Utah is a state known for its stunning national parks and eye-popping geology, but way down deep in southern Utah there is a place that stands out, even among these titans of natural beauty. It’s every bit as magical as its national park brethren and sistren to the north, but its trails aren’t strangled by tourists and its roads don’t have the constant drone of traffic.
Sounds great, right? Well, there’s a catch. Bears Ears National Monument—along with fellow stunner Grand Staircase-Escalante National Monument—is looking at an uncertain future.
Bears Ears was first put on my radar in the summer of 2017, when the Department of the Interior announced that, by presidential decree, it was going to review the designations and protections for 27 of our national monuments. Essentially, the Trump administration wanted to undo the protections on these areas so that they could be sold to private interests, most commonly oil, gas, and mining industries.
As a big hiker and camper, wild places like these are my favorites to visit, so I wanted to try and do something to help. The DOI had an open comment period going, but it felt like this issue was going to get lost in the shuffle.
It occurred to me that I was sort of uniquely positioned to do something about it. I’m a journalist with my own photo and video gear, and I live in a van, which makes me extremely mobile. So, I set out in my van to visit all 22 land-based monuments that were under threat (the other five are way out in the ocean), in about as many days. I’d photograph them and make a one-minute video for each to raise awareness and drive people toward the government comment page. (You can check the project out at 27Monuments.org if you’re interested in knowing more.)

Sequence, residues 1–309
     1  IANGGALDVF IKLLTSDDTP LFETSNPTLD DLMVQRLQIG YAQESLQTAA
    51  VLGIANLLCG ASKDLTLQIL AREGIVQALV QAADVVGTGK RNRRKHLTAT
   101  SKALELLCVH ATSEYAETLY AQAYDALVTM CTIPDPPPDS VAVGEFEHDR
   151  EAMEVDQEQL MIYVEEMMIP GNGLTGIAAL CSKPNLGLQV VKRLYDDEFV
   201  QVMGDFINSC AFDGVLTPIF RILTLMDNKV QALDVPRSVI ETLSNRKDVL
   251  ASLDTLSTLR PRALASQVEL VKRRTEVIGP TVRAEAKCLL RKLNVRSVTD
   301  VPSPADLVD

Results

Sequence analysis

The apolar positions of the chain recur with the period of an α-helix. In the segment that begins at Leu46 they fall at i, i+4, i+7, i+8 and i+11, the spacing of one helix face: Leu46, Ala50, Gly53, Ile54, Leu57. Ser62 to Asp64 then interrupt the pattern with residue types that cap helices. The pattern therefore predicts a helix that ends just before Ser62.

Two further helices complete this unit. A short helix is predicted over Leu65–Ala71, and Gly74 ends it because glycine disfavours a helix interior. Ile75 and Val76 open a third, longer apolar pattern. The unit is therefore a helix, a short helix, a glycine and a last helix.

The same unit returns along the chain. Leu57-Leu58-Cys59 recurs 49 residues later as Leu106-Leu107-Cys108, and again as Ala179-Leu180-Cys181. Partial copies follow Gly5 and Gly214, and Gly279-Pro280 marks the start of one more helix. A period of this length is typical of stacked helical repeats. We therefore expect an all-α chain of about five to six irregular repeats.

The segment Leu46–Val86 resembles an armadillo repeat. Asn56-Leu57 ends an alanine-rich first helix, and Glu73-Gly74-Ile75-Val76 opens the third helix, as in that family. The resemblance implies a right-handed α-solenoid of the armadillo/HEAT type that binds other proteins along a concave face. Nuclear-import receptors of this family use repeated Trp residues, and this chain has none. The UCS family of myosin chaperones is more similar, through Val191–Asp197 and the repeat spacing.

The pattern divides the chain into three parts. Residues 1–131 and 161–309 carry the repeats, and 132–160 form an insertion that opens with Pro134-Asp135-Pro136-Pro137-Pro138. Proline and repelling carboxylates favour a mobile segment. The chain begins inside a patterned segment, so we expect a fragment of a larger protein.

In the end, the government received more than 2.7 million comments, more than any previous call for comments. They then promptly ignored them. First to the chopping block would be Bears Ears National Monument in Utah. In 2017, President Trump controversially reduced the size of the monument by 85 percent. This led to a slew of lawsuits fighting the decision, including one by the outdoor brand Patagonia.
But there’s hope. Just last week, the Senate passed the Natural Resources Management Act, which protects millions of acres of public land. Also this month, the Democratic-led House introduced legislation to not only restore Bears Ears to its original size, but to expand it even further.
So, this is a story about Bears Ears. Why it’s important, why you should visit, and why it should be protected.
What is this place?
Bears Ears National Monument was originally designated in late 2016, at the very end of the Obama administration, at 1.35 million acres. Five local Native American tribes have strong ancestral roots in the area and worked together in an unprecedented way for many years in order for it to get protection under the American Antiquities Act.
Bears Ears boasts incredible rock formations, sweeping views, and incredibly well-preserved Native American artifacts, ancient cliff dwellings, and petroglyphs—not to mention countless sites teeming with fossils.
National monuments in the wild are different from national parks, where everything is paved and campgrounds fill up a year in advance. These places tend to be rugged. There aren’t as many rangers, the roads are often dirt and not as regularly maintained, and most sites have no services. Even finding a decent map can be difficult.